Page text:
There are solutions out there for the problem of runaway judges. Expanding the courts—even just the lower courts—is the most bulletproof. Congress has periodically added seats to the federal judiciary from its inception to help judges keep up with ever-ballooning caseloads. Today’s litigants (who are not named [D____ T____]) often face years long court delays. The Judicial Conference, a nonpartisan government institution that develops administrative policies, has begged Congress to add seats to the lower courts. Some Republicans have supported the idea in recognition of the crisis facing our understaffed judiciary. Letting Joe Biden balance out far-right courts like the 11th U.S. Circuit Court of Appeals—which will weigh Cannon’s ruling if the government appeals—would go a long way to tame the jurisprudence of T____ism [and others]. When district court judges know their radical decisions will be overturned on appeal, they may be less likely to swing for the fences in the first place.
There are other worthy ideas too. Term limits for justices and lower court judges. Limits on courts’ jurisdiction to strike down democratically enacted laws. Modest reforms that restrict the Supreme Court’s ability to suppress voting rights before an election. Let’s hear them all. (God knows Biden’s court reform commission studied them extensively, to little end.)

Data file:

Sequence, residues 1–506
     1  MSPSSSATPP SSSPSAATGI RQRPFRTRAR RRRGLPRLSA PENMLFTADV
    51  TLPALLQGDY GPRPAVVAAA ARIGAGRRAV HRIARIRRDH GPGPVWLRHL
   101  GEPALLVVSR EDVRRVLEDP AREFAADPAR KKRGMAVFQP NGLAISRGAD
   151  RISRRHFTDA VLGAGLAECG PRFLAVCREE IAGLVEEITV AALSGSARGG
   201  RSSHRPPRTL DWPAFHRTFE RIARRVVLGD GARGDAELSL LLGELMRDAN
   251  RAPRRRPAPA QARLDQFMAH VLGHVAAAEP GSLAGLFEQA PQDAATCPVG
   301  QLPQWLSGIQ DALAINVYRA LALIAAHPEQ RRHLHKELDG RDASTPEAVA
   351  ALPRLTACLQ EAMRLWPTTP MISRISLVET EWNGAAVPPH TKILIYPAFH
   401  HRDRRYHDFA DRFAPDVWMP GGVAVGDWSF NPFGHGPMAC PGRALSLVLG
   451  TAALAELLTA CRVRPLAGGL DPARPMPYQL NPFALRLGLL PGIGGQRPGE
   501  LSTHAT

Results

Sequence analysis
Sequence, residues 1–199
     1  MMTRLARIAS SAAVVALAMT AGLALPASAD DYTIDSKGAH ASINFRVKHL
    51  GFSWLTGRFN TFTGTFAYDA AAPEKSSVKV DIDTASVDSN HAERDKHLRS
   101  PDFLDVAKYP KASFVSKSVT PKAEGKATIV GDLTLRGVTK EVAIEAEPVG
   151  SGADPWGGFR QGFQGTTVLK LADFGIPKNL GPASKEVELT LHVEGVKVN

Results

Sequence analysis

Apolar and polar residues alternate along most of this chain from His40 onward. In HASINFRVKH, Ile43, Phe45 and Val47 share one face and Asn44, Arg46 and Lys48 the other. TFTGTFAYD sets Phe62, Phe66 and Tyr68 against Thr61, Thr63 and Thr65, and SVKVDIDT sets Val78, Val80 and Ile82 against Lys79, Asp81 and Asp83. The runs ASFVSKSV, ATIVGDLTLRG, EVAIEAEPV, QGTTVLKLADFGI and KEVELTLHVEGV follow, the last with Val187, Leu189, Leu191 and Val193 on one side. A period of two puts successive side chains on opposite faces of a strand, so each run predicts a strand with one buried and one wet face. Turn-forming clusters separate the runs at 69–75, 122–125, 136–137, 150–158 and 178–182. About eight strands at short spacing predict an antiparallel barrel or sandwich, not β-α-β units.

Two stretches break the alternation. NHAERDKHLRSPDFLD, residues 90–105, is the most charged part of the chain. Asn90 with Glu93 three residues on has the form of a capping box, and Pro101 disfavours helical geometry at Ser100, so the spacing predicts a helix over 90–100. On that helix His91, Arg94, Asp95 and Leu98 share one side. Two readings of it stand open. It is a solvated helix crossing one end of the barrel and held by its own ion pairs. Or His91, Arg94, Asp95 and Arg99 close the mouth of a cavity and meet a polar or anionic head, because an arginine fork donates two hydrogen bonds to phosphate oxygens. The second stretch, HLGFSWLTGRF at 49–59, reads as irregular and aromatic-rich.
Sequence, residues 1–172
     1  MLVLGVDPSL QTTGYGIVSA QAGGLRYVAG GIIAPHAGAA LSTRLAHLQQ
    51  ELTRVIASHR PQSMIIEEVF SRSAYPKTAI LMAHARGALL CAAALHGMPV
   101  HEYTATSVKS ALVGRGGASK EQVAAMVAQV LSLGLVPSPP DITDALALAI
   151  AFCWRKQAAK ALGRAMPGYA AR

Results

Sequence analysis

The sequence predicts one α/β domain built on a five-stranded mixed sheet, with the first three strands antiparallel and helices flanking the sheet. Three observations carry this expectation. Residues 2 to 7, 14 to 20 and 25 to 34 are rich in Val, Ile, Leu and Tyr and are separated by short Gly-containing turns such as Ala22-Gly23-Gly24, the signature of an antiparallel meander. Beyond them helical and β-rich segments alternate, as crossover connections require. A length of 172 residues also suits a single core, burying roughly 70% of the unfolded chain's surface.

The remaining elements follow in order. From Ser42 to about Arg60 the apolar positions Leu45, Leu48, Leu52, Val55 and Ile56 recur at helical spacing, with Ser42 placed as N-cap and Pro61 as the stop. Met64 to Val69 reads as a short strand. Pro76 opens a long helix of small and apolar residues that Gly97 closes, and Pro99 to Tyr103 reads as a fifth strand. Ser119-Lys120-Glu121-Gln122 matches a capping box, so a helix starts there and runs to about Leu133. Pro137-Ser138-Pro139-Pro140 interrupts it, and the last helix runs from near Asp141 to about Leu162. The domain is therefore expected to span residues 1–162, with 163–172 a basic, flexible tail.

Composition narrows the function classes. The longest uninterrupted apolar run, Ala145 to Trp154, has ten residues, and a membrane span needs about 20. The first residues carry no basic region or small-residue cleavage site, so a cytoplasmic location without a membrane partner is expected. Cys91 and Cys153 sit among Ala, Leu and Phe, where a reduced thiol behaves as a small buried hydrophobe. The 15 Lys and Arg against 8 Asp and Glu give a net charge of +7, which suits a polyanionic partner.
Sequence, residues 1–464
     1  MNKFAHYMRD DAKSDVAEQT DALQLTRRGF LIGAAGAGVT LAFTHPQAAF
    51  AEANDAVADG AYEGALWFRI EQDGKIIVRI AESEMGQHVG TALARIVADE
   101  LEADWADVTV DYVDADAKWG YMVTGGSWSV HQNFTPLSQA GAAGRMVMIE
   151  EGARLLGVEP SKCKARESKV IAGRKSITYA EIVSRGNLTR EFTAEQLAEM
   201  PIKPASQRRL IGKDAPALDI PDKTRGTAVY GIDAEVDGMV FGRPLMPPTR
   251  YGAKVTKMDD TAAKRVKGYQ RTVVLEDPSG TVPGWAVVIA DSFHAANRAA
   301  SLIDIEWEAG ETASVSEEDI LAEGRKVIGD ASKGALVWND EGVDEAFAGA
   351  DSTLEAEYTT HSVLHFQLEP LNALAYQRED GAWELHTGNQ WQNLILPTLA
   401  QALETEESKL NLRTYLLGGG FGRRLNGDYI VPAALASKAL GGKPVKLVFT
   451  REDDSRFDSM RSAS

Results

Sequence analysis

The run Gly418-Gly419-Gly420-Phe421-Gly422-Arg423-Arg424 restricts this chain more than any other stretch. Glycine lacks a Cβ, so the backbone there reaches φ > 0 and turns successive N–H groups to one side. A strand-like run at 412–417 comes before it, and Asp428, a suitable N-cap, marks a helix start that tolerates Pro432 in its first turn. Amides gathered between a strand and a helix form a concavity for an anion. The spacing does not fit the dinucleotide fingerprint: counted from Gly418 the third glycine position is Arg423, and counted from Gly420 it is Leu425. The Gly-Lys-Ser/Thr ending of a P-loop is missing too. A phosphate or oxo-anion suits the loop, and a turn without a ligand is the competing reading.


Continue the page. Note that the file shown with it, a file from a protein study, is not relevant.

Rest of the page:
But the chorus from the left, the middle, and the sane right that the lawlessness is lawless only affirms that we cannot ever escape this closed loop of [renegade] judges. Being really mad but doing nothing to change things is a terrible strategy for democracy and for public confidence in the courts. It creates the illusion that if we work really hard to debunk corrupt rulings, we can force [these] judges to see the light, or feel shame, or do something different. Meanwhile, the targets of our meticulous takedowns laugh at the pains we take to prove them wrong. They. Do. Not. Care.
We get it. Lawyers are trained to lawyer. But if you are lawyering within a system you believe to be broken, or immoral, or lawless, and you aren’t standing up with meaningful fixes for that system, you are, fundamentally, acceding to that lawlessness. It is a moral victory to point out the errors, but it’s also a tacit concession that the system is, in fact, legitimate, no matter how low it may go…..
There are too many things wrong with the Cannon order to litigate. And there are too many things wrong with [the right’s] judicial dominion of every part of our lives— for years to come—to litigate. So maybe it’s time to stop litigating them and start fixing them.